Napoleon comes to Plymouth…
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I have the great good fortune to live not far from Plymouth, Devon. Ever since the days of Sir Francis Drake and the Spanish Armada, Plymouth has played a key role in Britain’s maritime history. But it was on this day in 1815 that perhaps the most amazing sight was ever seen on the harbour…
This description of the scene is taken my from little non-fiction volume, Stockwin’s Maritime Miscellany
Shortly after the Battle of Waterloo Napoleon Bonaparte surrendered – not to Wellington but to the captain of the ship that had dogged his steps for more than 20 years, Bellerophon – ‘Billy Ruffian’ to her crew. The ship sailed for England and the ship anchored at Torbay. Every effort was made to keep the famous man’s presence a secret and no-one was allowed to come on board. However a sailor dropped a black glass bottle into the water which was retrieved by some young boys in a small boat nearby. Inside the bottle was a rolled piece of paper with the electrifying message, ‘We’ve got Bonaparte on board.’
Once the word got out the vessel was quickly surrounded by sightseers in everything that could float. Bonaparte even appeared on deck to greet the crowds. The British government were worried that the emperor might escape before they could work out what to do with him so Bellerophon was hastily ordered to weigh anchor and sail to Plymouth, with its more secure harbour.
Needless to say people thronged there; at the height of the madness 10,000 people boarded 1000 boats in an attempt to get a view of the most famous man in the world. Several even drowned in the frenzy.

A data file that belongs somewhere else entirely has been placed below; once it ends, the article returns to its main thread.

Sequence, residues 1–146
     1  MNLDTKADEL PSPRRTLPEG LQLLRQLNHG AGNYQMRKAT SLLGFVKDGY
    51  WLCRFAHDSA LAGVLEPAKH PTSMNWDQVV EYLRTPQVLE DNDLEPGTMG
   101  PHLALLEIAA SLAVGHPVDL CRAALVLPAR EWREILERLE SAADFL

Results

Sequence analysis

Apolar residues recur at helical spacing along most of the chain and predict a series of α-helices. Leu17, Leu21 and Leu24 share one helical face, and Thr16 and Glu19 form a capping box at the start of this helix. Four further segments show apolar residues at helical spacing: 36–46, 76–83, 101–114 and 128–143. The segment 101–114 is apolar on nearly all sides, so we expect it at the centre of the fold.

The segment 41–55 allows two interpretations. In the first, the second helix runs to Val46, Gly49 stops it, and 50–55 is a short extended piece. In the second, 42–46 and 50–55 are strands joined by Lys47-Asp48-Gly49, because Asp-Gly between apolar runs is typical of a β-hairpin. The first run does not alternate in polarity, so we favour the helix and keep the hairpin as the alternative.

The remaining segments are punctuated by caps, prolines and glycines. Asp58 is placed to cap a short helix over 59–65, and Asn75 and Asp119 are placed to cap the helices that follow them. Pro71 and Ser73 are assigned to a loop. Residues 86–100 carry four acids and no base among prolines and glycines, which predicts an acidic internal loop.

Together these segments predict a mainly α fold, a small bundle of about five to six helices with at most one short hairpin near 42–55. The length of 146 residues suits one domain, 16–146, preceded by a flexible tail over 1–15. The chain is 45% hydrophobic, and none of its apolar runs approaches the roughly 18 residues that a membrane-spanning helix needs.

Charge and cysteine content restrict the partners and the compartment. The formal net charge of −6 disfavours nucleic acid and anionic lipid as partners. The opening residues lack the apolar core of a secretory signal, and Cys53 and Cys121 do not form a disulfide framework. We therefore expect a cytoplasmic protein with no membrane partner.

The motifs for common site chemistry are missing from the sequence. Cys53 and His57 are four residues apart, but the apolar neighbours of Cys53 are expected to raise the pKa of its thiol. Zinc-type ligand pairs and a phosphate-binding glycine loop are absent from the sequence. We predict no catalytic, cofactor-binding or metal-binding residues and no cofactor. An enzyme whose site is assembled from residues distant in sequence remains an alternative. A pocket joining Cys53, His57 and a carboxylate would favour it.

The crew of Bellerophon hung notices over the ship’s side as to their famous guest’s movements: ‘In cabin with Captain Maitland’, ‘Writing with his officers’…
Among the crowds were large numbers of pretty young women and fashionably dressed ladies, naval officers, red-coated army officers, smartly-attired gentlemen. The men took off their hats respectfully when Napoleon showed himself as he did every evening around 6 p.m. He commented on the beauty of the young ladies and appeared astonished by size of the crowds.
On August 7 Napoleon was transferred to Northumberland for exile in St Helena, where he remained until his death in 1821.
Stockwin’s Maritime Miscellany is published by Ebury Press. It is available in hardback and ebook format worldwide.
Image: John James Chalon [Public domain], via Wikimedia Commons
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I found this prize-read as a hardback in a second-hand store, and thought myself an exceptional winner. What a remarkable expansion of history I’d never known before .. and I’m a student of Napoleonic wars history. Imagine, if you can, that Hitler (e.g.) was on display after the war in a glass-front parlor directly off Picadilly. Would you have traveled some distance to view such an ogre?
in an age of so called celebrities it is hard to imagine a response today anywhere near that accorded to the arrival of Napoleon. A fascinating insight into history and the far reaching effects of the Napoleonic wars.